Open Access version via Utrecht University Repository

Onderzoeksvoorstel master Diergeneeskunde
Onderzoeksplan te verdelen in:
1. Background
2. Aim of the study
3. Materials and methods
4. Schedule
5. Literature
Studentnummer: 3515389
Naam: Lisanne Francien Hageman
Curriculum: Master (LH/VV)
Telefoonnummer: 0613945730
Onderwerp en plaats van uitvoering
Titel van onderzoek: ‘Serum and faecal Zinc concentrations following low dose oral
ZnO administration in sheep’
Geplande aanvangsdatum: Februari 2014
Departement: Landbouwhuisdieren
Begeleider op de faculteit: Henk Everts
Begeleiders externe stage: Stefan Smith en Chris Anderson, Massey University, Palmerston
North, New-Zealand
E-mailadres begeleider(s): ,
Background of the study
Facial Eczema is a fungal disease of ruminants in New Zealand caused by ingestion of spores.
These spores are produced by the saprophytic fungus Pithomyces Chartarum. P. Chartarum
contains a mycotoxin called sporidesmin, ingestion of this mycotoxin causes liver damage.
Clinical signs become visible when bile ducts are blocked. This leads to secondary
photosensitization, mainly visible in the face of the animal. (1) The disease is not fatal, but is
causes discomfort that results in less feed intake and decreased production (3) More often
there are no signs at all, but high activities of liver enzymes, such as high gamma-glutamyl
transpeptidase (GGT) in the blood are indicative of liver damage. GGT is a biochemical
indicator of FE and is elevates in animals with chronic or acute exposure to the disease. P.
Chartarum severely affects animal production and has animal welfare implication.
Prevention of Facial Eczema (FE) disease in livestock is currently achieved by regular dosing
of Zn salt (oxide and sulphates). The exact mechanism of Zn is still unknown. It is thought
that is prevents auto-oxidation of the reduced dithiol form op sporidesmin, so it prevents the
release of hepatotoxic free radicals. (1), (2)
Zinc is a heavy metal that is found in high concentrations in animal effluent, especially pig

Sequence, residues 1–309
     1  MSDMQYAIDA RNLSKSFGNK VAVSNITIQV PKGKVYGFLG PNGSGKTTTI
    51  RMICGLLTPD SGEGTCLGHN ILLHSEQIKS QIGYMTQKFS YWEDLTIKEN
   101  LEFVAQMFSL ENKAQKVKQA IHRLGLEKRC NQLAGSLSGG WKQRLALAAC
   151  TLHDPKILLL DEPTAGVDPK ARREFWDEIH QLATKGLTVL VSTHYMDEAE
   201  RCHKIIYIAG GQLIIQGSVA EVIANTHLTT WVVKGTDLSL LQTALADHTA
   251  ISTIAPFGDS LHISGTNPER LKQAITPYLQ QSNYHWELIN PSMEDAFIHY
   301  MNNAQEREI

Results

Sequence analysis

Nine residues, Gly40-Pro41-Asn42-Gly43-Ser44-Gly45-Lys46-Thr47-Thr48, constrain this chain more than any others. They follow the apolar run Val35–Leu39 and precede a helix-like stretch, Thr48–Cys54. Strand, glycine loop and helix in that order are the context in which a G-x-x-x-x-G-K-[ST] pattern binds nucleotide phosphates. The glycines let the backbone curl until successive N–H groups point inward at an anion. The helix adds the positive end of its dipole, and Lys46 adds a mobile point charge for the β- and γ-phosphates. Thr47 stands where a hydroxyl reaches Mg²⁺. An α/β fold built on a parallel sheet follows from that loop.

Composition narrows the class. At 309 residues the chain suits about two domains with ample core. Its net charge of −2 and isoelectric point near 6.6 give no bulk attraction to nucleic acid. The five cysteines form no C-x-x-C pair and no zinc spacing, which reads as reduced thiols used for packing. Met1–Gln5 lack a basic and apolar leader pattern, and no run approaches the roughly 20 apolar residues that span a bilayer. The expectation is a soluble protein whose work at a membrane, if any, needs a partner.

effluent which, when sprayed onto soil can build up into very high levels. Plants such as
willow can selectively absorb Zn from these contaminated soils helping to de-contaminate the
soil but also these plants may then be a source of dietary Zn for prevention of Facial eczema.
We know that dietary Zn from plants does not elevate serum levels but does elevate faecal Zn
Current Zn prevention programmes involve the oral dosing of high doses of Zn Oxide which
elevates both the serum and the faecal levels of Zn. Using Zinc dosing in the form of long
acting Zn oral boluses or oral drenching with high doses (25mg/kg live weight) of ZnO. The
mechanism for Zn providing FE protection is unknown and it either comes via systemic
serum protection at the liver or is a gut protection effect at the level of the intestine epithelial
cell or both - We know that animals with 250mgZn / kg fecal weight or 30umol / l serum Zn
are protected from Facial Eczema but we do not know which one provides protection.(3)
Aim of the study
The aim of the study will be to determine an oral dose rate of Zn Oxide that only elevates the
fecal Zn concentration to 250mg/kg fresh weight without elevating serum Zn concentrations.
Once we have determined this oral dose rate then we can perform a challenge study to
determine whether faecal zinc levels provide the mechanism of action for preventing Facial
In 2013, a pilot study was undertaken to determine the efficacy of dosing sheep with either
intravenous ZnCl or oral ZnO
The results of this study include;
a) Intravenous ZnCl (5.1mg Zn) can elevate serum Zn levels to above 30umol / l although
these levels are only maintained for 2-3 hours post dosing.
Conclusion: ZnCl is unlikely to be used successfully to maintain serum Zn levels for future
sporidesmin intervention studies.
b) A single oral dose of ZnO (10mg / kg liveweight) successfully elevated the faecal Zn
concentration to > 250mg / kg fresh weight (FW) and that this level of faecal Zn lasted for 24
hours. This dose rate of oral ZnO also elevated the serum Zn concentration to 30umol / l for